Webinar | Strengthening the Health Workforce to Improve Quality and Achieve Universal Health Coverage

In recognition of Universal Health Coverage Day (12/12), the HFG Project hosted a webinar on strengthening human resources for health as a key step toward reaching universal health coverage (UHC). Held two days before UHC Day, the webinar drew over 90 participants from 26 countries. Participants included donors, implementing partners, and ministry of health officials, among others.

UHC means that anyone can access necessary, good quality health care without suffering financial hardship. UHC is one of the targets for goal three in the post-2015 Sustainable Development Goals (SDGs), adopted in September 2015.

A strong health workforce is crucial to achieving UHC, but poor quality pre-service training and governance often weaken the health workforce. In many countries, governments and families alike spend their limited funds on pre-service training institutions that graduate health workers with inadequate skills, which can result in poor patient care and poor health outcomes. Further, some governments do not provide strong stewardship of the health workforce, and miss critical opportunities to improve morale, retention, and skills.

Human Resources for Health (HRH) Specialists Kate Greene and Sarah Dominis, presented on three countries that are taking a systems approach to solving these two problems: Haiti, Côte d’Ivoire, and Swaziland.

  • In Haiti, HFG is working with the Ministry of Health to bolster its process for accrediting nursing education institutions, known as reconnaissance. More than 40 schools have already received the new accreditation.
  • The government of Côte D’Ivoire identified task-sharing between nurses/midwives and doctors for HIV care as a key strategy to improve HIV outcomes. HFG is supporting the Ministry of Health in developing policies and training programs on task-sharing to integrate into health worker training curricula.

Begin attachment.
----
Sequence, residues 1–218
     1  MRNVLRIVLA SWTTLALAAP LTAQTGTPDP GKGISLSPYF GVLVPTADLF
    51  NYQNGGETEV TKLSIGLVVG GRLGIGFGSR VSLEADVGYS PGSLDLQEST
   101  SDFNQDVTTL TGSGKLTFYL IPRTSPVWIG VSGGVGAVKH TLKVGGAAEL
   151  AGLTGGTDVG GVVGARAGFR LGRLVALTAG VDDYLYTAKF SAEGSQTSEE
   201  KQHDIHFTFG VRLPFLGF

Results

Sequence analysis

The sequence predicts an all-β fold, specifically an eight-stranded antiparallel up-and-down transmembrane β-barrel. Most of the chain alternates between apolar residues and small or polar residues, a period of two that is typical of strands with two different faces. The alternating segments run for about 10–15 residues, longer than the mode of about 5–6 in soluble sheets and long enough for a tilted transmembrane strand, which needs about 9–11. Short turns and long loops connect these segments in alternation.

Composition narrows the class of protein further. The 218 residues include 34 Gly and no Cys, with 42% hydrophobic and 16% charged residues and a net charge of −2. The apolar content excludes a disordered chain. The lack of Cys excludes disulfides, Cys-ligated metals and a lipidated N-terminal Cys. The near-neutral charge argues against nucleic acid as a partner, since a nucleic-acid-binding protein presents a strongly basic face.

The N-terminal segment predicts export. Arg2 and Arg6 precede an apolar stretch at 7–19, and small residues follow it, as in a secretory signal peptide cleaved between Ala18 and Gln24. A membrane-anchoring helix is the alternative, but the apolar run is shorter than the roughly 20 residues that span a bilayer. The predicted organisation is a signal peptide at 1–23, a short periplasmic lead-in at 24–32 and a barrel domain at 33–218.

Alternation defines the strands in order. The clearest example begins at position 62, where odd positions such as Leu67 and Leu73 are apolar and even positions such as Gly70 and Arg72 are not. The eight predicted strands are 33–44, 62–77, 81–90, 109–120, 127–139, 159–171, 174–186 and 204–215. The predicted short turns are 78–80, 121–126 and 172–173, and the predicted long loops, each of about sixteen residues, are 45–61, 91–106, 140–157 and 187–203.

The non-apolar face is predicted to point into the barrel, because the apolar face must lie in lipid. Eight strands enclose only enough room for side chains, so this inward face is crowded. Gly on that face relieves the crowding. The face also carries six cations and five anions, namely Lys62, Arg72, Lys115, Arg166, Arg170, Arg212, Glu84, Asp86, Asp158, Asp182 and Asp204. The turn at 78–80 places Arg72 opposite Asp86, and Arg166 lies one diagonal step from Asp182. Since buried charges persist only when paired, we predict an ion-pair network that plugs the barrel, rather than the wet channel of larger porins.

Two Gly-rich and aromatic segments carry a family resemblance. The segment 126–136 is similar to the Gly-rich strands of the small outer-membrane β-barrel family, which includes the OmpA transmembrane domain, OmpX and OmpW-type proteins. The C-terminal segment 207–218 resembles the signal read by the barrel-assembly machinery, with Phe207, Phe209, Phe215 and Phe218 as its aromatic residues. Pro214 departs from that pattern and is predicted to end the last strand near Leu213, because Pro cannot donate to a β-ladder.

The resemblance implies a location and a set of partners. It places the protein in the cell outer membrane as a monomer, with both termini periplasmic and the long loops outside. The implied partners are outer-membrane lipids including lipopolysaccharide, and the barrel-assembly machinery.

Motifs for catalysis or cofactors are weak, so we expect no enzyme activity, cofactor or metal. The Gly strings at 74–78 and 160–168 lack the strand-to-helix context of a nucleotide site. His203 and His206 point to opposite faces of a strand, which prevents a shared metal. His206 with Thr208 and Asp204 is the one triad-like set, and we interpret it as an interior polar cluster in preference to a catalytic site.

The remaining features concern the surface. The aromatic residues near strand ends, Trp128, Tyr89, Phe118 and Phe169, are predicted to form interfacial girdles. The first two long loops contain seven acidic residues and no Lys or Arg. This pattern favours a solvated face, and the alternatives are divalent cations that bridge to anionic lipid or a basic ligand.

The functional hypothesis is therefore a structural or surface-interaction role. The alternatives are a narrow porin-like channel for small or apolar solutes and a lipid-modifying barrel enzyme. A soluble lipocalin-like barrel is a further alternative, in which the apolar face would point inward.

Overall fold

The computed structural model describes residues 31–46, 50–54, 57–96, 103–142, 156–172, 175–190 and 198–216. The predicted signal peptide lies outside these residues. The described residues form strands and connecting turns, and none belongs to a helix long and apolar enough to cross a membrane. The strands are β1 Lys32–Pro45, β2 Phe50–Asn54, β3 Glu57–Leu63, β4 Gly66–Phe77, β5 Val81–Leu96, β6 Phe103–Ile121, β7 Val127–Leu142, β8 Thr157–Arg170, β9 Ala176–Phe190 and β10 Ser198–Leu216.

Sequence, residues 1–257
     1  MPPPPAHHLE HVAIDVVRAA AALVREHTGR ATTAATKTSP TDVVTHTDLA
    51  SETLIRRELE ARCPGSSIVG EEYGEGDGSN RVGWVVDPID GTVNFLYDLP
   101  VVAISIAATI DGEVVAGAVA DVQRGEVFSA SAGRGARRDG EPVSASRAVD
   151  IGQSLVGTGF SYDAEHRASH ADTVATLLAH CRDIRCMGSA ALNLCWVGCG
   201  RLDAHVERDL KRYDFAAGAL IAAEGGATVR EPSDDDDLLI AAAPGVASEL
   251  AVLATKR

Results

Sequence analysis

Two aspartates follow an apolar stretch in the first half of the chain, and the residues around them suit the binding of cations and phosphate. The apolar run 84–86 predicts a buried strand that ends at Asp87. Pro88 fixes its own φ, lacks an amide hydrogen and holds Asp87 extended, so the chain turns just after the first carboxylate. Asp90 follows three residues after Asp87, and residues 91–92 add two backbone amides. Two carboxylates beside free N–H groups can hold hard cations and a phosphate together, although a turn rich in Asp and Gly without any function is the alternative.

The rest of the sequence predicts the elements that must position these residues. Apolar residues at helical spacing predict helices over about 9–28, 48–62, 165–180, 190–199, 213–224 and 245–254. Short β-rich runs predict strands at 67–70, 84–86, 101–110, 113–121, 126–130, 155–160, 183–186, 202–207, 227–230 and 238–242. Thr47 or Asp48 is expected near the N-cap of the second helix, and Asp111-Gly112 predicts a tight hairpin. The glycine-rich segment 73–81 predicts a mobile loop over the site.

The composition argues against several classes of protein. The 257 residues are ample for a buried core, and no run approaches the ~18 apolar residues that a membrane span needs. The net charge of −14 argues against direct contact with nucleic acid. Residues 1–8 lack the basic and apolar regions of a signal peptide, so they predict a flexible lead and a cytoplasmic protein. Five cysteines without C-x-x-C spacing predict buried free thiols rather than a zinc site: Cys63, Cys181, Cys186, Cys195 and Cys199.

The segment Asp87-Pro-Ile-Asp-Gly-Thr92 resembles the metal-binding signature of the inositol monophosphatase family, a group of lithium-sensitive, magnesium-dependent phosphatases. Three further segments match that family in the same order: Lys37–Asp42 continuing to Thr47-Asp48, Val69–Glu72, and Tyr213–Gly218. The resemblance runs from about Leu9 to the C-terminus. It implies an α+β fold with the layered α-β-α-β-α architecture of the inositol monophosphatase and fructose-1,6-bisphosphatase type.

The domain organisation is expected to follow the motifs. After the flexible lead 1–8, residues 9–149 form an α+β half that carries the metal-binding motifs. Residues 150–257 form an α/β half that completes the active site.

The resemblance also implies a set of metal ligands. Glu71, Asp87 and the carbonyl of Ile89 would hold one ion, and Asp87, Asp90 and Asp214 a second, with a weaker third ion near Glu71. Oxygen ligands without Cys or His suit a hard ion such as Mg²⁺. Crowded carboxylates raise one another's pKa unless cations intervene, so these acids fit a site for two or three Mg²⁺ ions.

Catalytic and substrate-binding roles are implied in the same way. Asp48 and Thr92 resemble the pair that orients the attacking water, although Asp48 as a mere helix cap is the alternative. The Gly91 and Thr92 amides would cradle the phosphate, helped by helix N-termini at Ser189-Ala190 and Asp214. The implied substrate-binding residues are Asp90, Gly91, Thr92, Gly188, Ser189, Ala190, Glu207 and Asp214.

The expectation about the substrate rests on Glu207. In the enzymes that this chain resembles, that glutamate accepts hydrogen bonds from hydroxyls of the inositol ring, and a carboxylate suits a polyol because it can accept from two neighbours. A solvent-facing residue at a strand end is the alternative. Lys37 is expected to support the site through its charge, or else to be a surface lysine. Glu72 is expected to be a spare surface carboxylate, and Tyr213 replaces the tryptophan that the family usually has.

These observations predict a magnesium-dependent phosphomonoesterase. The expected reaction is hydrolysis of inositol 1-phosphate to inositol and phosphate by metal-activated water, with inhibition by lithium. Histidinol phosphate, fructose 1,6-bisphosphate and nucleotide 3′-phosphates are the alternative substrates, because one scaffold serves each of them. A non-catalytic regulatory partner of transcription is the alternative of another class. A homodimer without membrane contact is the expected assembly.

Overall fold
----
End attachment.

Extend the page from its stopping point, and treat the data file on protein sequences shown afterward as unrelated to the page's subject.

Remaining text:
• In Swaziland, HFG is working with the government to establish standardized hiring and compensation policies for health workers, and to strengthen human resource information systems. HFG also worked with the Swaziland Nursing Council to strengthen their capacity to regulate the nursing profession and expand nursing competencies to incorporate international best practices. 

The webinar was moderated by HFG’s Health Finance and UHC Lead, Dr. Laurel Hatt. View speaker bios and presentation slides below.

Speaker Bios:

Kate Greene, MBA, has more than 10 years of experience planning and implementing programs and leading policy change in HIV, AIDS, and other infectious diseases, non-communicable diseases, and human resources for health. She works with the HFG Project on regulatory change in Haiti, Cote d’Ivoire, and Swaziland to strengthen the health workforce. Kate is an Associate and Human Resources for Health Specialist for Abt Associates, Inc.

Sarah Dominis, MPH, MBA

Sarah Dominis, MBA, MPH, MGM, has worked in more than 12 African countries in HIV and AIDS service delivery, health systems strengthening and program implementation. Ms. Dominis specializes in strengthening policy, planning, training and management to improve the quality and quantity of human resources for health. She manages the Swaziland portfolio for the HFG Project. Sarah is an Associate and Human Resources for Health Specialist at Abt Associates, Inc.

Dr. Laurel Hatt is a Principal Associate, International Health, at Abt Associates Inc. As Health Financing Lead for the HFG Project, Dr. Hatt provides strategic technical guidance and quality oversight on health financing activities, helping to achieve the project’s vision of mobilizing domestic resources for health, improving financial protection, and increasing efficiency in resource allocation. She has over 14 years of experience in evaluating and implementing health financing reforms that increase access to health services. Dr. Hatt also leads project efforts to monitor country progress towards UHC. She is co-author of the USAID report: Impact of Health Systems Strengthening on Health.

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